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What's the Big Deal About The Working Press?
STUDENTS GAIN COMPELLING EXPERIENCE, CONNECTIONS
By Ieva M. Augstums
We wanted to produce the perfect newspaper.
As an aspiring student journalist in charge of guiding a dozen other student journalists from around the nation, perfection just wasn’t the right word to describe why all of us gathered in Seattle last October.
Don’t get me wrong. We wanted to produce the best issues we could of The Working Press, the Society of Professional Journalists’ national convention newspaper.
We just knew we had a lot to learn. We knew we were far from perfect.
As a past reporter and the editor of The Working Press 2001, I knew after the first hour of awkward introductions that I would have no apologies for the exhaustive late nights that were ahead.
I knew I would find myself shouting periodically across the hotel board room throughout the week, reminding all reporters, designers, and photographers to save their work.
I knew by the end of the week I would be endorsing caffeine-induced early mornings.
Tall, hazelnut mocha, anyone?
Sure. Make it a double.
What possesses a dozen complete strangers to come together for one week and produce The Working Press is hard to define.
It’s not about achieving perfection. No human, not even a journalist, can do that in just five days.
Instead, it’s about providing information in an accurate, comprehensive, timely, and understandable manner.
It’s about listening to and the application of advice from Pulitzer Prize-winning reporters, photographers and editors.
It’s about attending dozens of compelling professional and career development sessions.
And who could forget it’s an opportunity to show off your skills, maybe even get a summer internship or full-time job.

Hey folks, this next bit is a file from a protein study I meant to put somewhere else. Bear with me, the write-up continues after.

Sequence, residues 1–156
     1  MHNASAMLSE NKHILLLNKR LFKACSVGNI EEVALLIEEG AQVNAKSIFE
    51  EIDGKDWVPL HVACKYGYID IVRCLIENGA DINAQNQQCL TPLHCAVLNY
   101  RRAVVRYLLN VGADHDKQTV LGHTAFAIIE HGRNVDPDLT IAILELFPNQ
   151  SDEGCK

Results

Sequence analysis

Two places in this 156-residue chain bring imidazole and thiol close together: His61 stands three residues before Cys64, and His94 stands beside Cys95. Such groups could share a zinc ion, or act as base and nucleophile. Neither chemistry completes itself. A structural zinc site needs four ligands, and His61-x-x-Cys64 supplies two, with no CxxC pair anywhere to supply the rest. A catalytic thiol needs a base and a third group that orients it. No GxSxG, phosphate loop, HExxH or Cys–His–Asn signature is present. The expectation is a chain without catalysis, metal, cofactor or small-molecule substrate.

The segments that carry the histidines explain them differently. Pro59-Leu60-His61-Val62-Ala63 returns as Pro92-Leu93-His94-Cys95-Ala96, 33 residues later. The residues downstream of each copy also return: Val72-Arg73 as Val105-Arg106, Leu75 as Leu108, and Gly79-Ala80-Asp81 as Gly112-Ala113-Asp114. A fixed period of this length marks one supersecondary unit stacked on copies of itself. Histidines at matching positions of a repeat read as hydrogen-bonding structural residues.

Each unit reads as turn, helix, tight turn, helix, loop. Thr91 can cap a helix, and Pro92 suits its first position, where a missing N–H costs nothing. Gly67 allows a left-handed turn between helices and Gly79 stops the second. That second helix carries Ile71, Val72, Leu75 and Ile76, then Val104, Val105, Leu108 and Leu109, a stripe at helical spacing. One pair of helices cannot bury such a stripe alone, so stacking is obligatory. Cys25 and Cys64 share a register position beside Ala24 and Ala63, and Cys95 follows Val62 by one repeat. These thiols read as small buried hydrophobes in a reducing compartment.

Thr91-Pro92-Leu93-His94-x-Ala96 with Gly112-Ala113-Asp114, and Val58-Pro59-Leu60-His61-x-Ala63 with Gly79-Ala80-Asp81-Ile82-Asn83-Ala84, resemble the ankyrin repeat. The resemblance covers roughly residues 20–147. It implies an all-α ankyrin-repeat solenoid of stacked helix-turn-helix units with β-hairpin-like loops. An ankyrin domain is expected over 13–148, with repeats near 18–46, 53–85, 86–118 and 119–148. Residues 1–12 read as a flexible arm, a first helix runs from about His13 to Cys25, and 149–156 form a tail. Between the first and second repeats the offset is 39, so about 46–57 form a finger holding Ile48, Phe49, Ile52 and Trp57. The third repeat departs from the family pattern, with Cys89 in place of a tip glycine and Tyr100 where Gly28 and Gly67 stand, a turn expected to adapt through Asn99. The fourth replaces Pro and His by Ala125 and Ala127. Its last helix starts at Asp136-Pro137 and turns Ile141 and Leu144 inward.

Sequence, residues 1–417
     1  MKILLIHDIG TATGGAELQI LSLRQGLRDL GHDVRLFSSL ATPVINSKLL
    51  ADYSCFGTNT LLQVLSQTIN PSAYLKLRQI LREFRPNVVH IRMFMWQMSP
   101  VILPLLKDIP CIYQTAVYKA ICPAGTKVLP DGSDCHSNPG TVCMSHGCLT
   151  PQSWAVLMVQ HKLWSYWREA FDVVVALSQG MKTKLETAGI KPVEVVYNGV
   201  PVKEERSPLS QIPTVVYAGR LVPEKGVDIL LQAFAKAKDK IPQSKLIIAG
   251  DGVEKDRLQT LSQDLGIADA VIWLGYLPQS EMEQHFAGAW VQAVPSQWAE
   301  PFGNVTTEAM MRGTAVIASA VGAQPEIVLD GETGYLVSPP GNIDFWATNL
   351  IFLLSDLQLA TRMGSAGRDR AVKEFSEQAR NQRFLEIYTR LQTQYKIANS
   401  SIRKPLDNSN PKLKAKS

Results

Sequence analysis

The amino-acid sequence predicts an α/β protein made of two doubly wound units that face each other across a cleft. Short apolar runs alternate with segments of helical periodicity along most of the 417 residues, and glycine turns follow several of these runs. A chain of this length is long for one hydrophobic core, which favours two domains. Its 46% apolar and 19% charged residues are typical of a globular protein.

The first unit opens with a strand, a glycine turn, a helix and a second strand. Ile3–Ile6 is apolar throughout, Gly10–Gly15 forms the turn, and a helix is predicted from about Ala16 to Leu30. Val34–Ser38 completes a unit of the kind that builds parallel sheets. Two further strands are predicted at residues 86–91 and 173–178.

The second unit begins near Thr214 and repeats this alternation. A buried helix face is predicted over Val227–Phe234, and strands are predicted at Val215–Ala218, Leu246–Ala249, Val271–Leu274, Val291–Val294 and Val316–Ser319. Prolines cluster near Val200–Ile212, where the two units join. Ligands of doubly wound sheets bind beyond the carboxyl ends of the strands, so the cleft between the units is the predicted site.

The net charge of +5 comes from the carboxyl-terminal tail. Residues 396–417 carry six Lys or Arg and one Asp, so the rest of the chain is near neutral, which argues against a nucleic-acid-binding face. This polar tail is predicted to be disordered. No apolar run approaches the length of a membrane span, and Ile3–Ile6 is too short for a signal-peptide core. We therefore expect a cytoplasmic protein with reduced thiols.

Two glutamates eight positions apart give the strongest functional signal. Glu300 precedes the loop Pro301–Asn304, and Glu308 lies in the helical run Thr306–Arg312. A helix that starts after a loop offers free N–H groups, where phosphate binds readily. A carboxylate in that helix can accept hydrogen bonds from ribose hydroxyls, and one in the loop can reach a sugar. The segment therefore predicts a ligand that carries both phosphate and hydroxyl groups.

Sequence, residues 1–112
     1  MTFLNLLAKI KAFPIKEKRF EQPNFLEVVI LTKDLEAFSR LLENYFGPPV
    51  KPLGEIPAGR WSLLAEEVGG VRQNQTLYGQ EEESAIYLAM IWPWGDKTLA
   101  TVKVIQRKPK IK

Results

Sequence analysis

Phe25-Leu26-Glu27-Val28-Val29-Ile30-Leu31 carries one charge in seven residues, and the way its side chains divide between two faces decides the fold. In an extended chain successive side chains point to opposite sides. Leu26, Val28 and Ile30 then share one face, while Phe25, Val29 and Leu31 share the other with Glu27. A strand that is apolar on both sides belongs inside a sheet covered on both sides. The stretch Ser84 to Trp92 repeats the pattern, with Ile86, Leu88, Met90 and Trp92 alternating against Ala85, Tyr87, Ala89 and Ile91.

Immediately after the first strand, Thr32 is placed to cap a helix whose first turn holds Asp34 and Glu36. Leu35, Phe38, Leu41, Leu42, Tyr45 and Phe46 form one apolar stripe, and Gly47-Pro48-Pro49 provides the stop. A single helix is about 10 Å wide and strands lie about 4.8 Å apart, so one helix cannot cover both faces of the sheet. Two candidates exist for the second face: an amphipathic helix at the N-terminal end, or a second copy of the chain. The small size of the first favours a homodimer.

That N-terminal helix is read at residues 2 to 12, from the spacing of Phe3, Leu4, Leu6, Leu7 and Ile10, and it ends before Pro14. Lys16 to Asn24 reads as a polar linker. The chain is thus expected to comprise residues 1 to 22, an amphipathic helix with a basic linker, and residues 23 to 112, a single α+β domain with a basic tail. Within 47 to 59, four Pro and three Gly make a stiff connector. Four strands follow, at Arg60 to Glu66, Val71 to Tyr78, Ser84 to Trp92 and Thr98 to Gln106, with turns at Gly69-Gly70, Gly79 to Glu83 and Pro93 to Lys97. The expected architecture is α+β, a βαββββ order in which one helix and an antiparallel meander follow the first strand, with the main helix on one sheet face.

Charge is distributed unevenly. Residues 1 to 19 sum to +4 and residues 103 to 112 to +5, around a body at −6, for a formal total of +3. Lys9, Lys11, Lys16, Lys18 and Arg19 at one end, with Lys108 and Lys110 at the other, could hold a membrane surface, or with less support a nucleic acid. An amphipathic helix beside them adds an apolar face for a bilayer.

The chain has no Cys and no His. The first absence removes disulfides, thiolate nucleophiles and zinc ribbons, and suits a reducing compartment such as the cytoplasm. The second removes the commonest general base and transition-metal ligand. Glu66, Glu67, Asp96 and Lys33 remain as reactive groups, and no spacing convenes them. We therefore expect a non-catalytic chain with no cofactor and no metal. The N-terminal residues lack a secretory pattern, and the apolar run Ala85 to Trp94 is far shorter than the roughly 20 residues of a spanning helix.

We knew we were far from being perfect, but it didn’t matter.
We had had fun staying up late, exchanging stories from our own college newsrooms as we designed pages and edited proofs. We all laughed when our server crashed – it happened more than once – leaving us to shuffle through our notebooks, re-key stories and redesign pages.
Despite all the caffeine, we still knocked on each other’s hotel room doors in the morning to make sure everyone made it to that morning’s newsroom meeting.
If you want to have some valuable learning with lessons that will help you grow professionally, apply to The Working Press.
It is an opportunity any aspiring student journalist – print, broadcasting or online – would want to claim.
As students producing The Working Press 2002 in the Renaissance Worthington Hotel in downtown Fort Worth, Texas, who knows what feats thousands of SPJ members will read over breakfast.
If the newspaper is late and it doesn't come out until the afternoon, people will wait outside the newsroom just to make sure they get a copy.
What you cover catalogues the lives of dedicated journalists. They want to read it.
If not, the double hazelnut mocha is on me.
Ieva M. Augstums is a senior news-editorial and English major at the University of Nebraska-Lincoln, and past editor and reporter for The Working Press.
APPLICATION PROCESS FOR THE WORKING PRESS
Deadline: April 19, 2002
Who should apply: Student writers, photographers and designers. SPJ will choose 12 for the staff.
How to Apply: Send a cover letter, résumé, and three clips, layouts or published photos (relevant to your area of expertise) to:
Society of Professional Journalists
Eugene S. Pulliam National Journalism Center
3909 N. Meridian St.
Indianapolis, IN 46208-4045
c/o Julie Grimes.
– Energy, talent, great ideas, and a good attitude
– Your transportation to and from Fort Worth
– Photographers: bring your own gear
– Free convention registration, including meal events
– Free accommodations at convention hotel
– Mentoring by professional journalists
– Networking venues
– A place to showcase your talents in front of a sea of professionals
– An opportunity to add to your portfolio
– A fun experience
– Plan to arrive in Fort Worth by noon on Sept. 11.
– Departure will be after noon on Sept. 15.